For years the debate over reduced fat or reduced carbohydrates has gone on and it shows no sign of stopping.  The pendulum has actually swung over the years.  In the 70’s, the Atkins diet drove interest in very low/reduced carbohydrate diets.  In the 80’s, reduced fat diets came into vogue as it looked like dietary fat was more easily stored as body fat and it looked like, so long as fat intake was kept low enough, weight and fat loss would happen (this was true until people went nuts and started overeating low fat foods in excess).  In the 90’s, somehow the Zone caught on and then things started to fragment.  Cyclical ketogenic/reduced carbohydrate diets became popular and I even wrote an entire book on the topic.

But now, with the joys of the Internet, the entire dietary world has become very divided.  With the publication of a book that I shall not name the idea that insulin was the cause of obesity, that reducing insulin was either required or would magically cause fat loss came back into vogue.  Nevermind that the entire insulin hypothesis has been completely destroyed.


Effects of Low Versus High Load Resistance Training – Research Review

Schoenfeld BJ et. al. Effects of Low Versus High Load Resistance Training on Muscle Strength and Hypertrophy in Well-Trained Men.J Strength Cond Res. 2015 Apr 3. [Epub ahead of print]


The purpose of this study was to compare the effect of low- versus high-load resistance training (RT) on muscular adaptations in well-trained subjects. Eighteen young men experienced in RT were matched according to baseline strength, and then randomly assigned to 1 of 2 experimental groups: a low-load RT routine (LL) where 25-35 repetitions were performed per set per exercise (n = 9), or a high-load RT routine (HL) where 8-12 repetitions were performed per set per exercise (n = 9). During each session, subjects in both groups performed 3 sets of 7 different exercises representing all major muscles. Training was carried out 3 times per week on non-consecutive days, for 8 total weeks. Both HL and LL conditions produced significant increases in thickness of the elbow flexors (5.3 vs. 8.6%, respectively), elbow extensors (6.0 vs. 5.2%, respectively), and quadriceps femoris (9.3 vs. 9.5%, respectively), with no significant differences noted between groups. Improvements in back squat strength were significantly greater for HL compared to LL (19.6 vs. 8.8%, respectively) and there was a trend for greater increases in 1RM bench press (6.5 vs. 2.0%, respectively). Upper body muscle endurance (assessed by the bench press at 50% 1RM to failure) improved to a greater extent in LL compared to HL (16.6% vs. -1.2%, respectively). These findings indicate that both HL and LL training to failure can elicit significant increases in muscle hypertrophy among well-trained young men; however, HL training is superior for maximizing strength adaptations.


For years, it’s been taken basically as an article of faith that the best way to stimulate muscle growth is with relatively heavy loads for lower repetitions.  The hypertrophy zone is usually defined as 8-12 (5-15 is better) repetitions per set with heavy weights.  Muscle fibers are recruited in an order according to the size principle with only the high threshold Type II muscle fibers (the ones most responsible for growth requiring heavy loads of 80-85% for maximal recruitment.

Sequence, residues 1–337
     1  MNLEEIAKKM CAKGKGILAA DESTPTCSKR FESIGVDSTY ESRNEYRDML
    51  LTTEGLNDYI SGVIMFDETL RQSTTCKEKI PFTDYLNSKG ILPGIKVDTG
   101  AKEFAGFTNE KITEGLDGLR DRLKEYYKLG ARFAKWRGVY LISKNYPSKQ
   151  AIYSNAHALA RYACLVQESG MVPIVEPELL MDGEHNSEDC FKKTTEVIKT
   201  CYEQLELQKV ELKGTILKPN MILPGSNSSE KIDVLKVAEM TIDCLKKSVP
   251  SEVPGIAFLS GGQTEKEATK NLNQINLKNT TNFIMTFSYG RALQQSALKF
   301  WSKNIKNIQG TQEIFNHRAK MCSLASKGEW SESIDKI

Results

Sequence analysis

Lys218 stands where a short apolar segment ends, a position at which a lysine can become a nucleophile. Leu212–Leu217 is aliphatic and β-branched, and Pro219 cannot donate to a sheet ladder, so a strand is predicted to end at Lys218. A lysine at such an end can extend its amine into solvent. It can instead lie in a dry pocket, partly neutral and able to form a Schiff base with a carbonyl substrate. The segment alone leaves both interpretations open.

Effects of different volume-equated resistance training loading strategies on muscular adaptations in well-trained men – Research Review

Schoenfeld BJ et. al. “Effects of different volume-equated resistance training loading strategies on muscular adaptations in well-trained men.” J Strength Cond Res. 2014 Apr 7. 

Regimented resistance training has been shown to promote marked increases in skeletal muscle mass. Although muscle hypertrophy can be attained through a wide range of resistance training programs, the principle of specificity, which states that adaptations are specific to the nature of the applied stimulus, dictates that some programs will promote greater hypertrophy than others. Research is lacking, however, as to the best combination of variables required to maximize hypertophic gains. The purpose of this study was to investigate muscular adaptations to a volume-equated bodybuilding-type training program versus a powerlifting-type routine in well-trained subjects. 17 young men were randomly assigned to either an HT group that performed 3 sets of 10RM with 90 seconds rest or an ST group that performed 7 sets of 3RM with 3 minutes rest. After 8 weeks, no significant differences were noted in muscle thickness of the biceps brachii. Significant strength differences were found in favor of ST for the 1RM bench press and a trend was found for greater increases in the 1RM squat. In conclusion, this study showed both bodybuilding- and powerlifting-type training promote similar increases in muscular size, but powerlifting-type training is superior for enhancing maximal strength.


Ok, so assuming you made it through the Categories of Weight Training series re-run/re-write, you hopefully saw that there is a general belief/schema whereby different loading parameters (intensity, volume, etc.) generate differential results in terms of muscular endurance, muscle growth, muscle strength.